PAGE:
“You want to do what? For who? You have got to be kidding!” I shook my head in shock and disbelief.
“Yes, honey,” I heard my husband Stan’s determined voice on the other end of the phone. “I think I am going to take the directorship of a ranch for men from Skid Row L.A.”
I gasped for breath. “Are you sure?” I couldn’t imagine moving from a middle-class suburb to work with men from Skid Row L.A., one of the worst slum areas of Los Angeles.
We lived in Colorado Springs at the time. In the early ‘80s, we opened and ran two inspirational gift shops called the “Love Shop.” Every day, I came to our stores with a sense of purpose and joy. The two stores prospered.
In 1989, however, tragedy crept up and stole our prosperity, our security, and my health. What was that thief? It was the economic ravages created by the oil crisis. The devastation affected many oil-related states, including Colorado.
Our sales plummeted because people lost their jobs. With crushed spirits, we struggled to pay our bills. My body crashed, throwing me into an upheaval of constant flu-like symptoms diagnosed as “chronic fatigue syndrome.” Though I was sick, I dragged myself to work every day, determined to hold on to our vision of love expressed through the stores.
After six months of rapidly decreasing sales, my husband gave up on the recovery of the stores. The crisis plunged Stan into intense soul searching. One day in church, he sensed a call on his life to fulfill a desire in his heart to help the poor.
Then he received a call from his friend, John, inviting him to visit California. While Stan was there, John introduced him to the Union Rescue Mission and the opportunity to be the director of Green Oak Ranch, a satellite rehabilitation program in Vista, CA, near San Diego.
The Mission selected forty hardcore addicted men from Skid Row L.A. to go to a ranch, removing them from the temptations they faced in L.A. The recovery program reflected God’s heart of mercy for the men to give them yet another chance. The vision for this program combined the Twelve-Step Program, Bible Studies, and psychological counseling with help in reading skills and job training. The men worked at the Ranch and learned new job skills during their stay.
As Stan considered the opportunity, he sensed this mission was for him. Terrified because of Skid Row L.A.’s reputation, I felt unprepared to deal with this kind of challenge. Despite my protests, he went out to California. We had closed one store, and I stayed for four months to sell the other.
The four months gave me time to process the change. I shared my reluctance to give up the dream of the stores’ recovery with a wise neighbor. “Well, you may lose the stores but you’ll have a better marriage if you go along with him.” He advised me.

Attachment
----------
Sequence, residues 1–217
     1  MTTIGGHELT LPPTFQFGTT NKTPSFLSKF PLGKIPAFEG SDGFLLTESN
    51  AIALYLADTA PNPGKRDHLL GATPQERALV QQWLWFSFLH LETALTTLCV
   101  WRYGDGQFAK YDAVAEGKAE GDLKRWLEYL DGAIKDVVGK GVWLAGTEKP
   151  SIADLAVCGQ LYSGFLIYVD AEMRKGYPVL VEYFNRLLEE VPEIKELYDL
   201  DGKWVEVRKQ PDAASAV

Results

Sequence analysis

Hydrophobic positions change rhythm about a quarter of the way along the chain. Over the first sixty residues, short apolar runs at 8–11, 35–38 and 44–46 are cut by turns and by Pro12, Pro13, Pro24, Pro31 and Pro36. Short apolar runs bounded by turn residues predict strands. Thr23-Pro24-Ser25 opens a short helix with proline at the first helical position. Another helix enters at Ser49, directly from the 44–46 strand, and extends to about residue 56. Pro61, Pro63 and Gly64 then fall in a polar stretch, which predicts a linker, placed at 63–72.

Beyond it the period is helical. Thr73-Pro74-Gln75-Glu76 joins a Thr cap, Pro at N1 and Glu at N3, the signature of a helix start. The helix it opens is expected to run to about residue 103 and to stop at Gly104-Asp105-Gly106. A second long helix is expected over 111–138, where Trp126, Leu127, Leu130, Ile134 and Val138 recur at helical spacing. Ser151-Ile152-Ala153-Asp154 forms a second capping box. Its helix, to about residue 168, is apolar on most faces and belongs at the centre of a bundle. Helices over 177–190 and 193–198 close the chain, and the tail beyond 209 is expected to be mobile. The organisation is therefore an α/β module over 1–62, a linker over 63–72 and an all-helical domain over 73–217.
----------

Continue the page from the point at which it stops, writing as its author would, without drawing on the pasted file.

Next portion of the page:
Another friend reassured me, “It’s okay to struggle with God’s will. In the garden of Gethsemane, Jesus struggled to the point of shedding blood.”
After selling the second store, I reluctantly joined my husband. I felt ill at ease and out of place as my husband introduced me to the men in the communal dining room.
After a few days, the boundaries and accountability at the ranch eased my fears and I began talking with the men. My stereotypical attitudes gradually changed. I met former professionals and businessmen ensnared by addiction. There was an engineer, a Jewish salesman, and a mid-level government worker seduced by cocaine’s highs and now, lows.
A tough L.A. gang leader, well trained in the street for ways of intimidation and manipulation, had a tender side. When he was sober and content, his smile and laughter filled the hearts of those around him.
Even the ones most people call bums had stories explaining their behavior. One man, stricken with grief over the death of his wife and six-year-old daughter, started drinking. After twenty years, he learned to express his feelings of grief instead of escaping his pain through alcohol. These men changed my attitudes about Skid Row L.A. bums.
I realized they were in this condition because they never had a healthy, loving environment. The ranch provided a place to heal. We gave what we had of our knowledge, support, and counsel to provide these men with strength—the strength they needed to make positive changes in their lives.
The staff, volunteers, and the men ate together in a communal dining room. I listened to the men talk about their failures and wounds from childhood abuse and neglect. Soon I saw each man as a treasure hidden from society by the dirt and grime of addiction and crime. Everyone possessed unique and delightful gifts to contribute to others. We expressed our belief in their potential to make better choices. I watched their hardened hearts soften as we helped them process their grief and taught them new ways to think and behave.
As they shared their hearts and love with me, I too experienced healing. They were honest and open as they talked about their pain. From them, I gained permission to be “real” and to talk about my feelings of loss and pain. I witnessed God’s mercy toward the men expressed through us, and I began to have a greater understanding of His mercy to me. This revelation began to heal my emotions and physical health. Who would have thought I would discover hidden treasure and secrets to my own healing as I related to men from Skid Row, L.A.?
I learned in a deeper way that as you reach out to meet the needs of others, you receive as much as you give. I “lost my life” to leave a store I loved and venture out from the safe fortress of the suburbs into the unsavory jungle of the slum world. As I risked giving from my heart, I found new life and the giving healed my heart.
“Whoever finds his life will lose it, and whoever loses his life for my sake will find it.” Matthew 10:39
This story was published in 2006 in Grace Givers: Amazing Stories of Grace in Action by Dr. David Jeremiah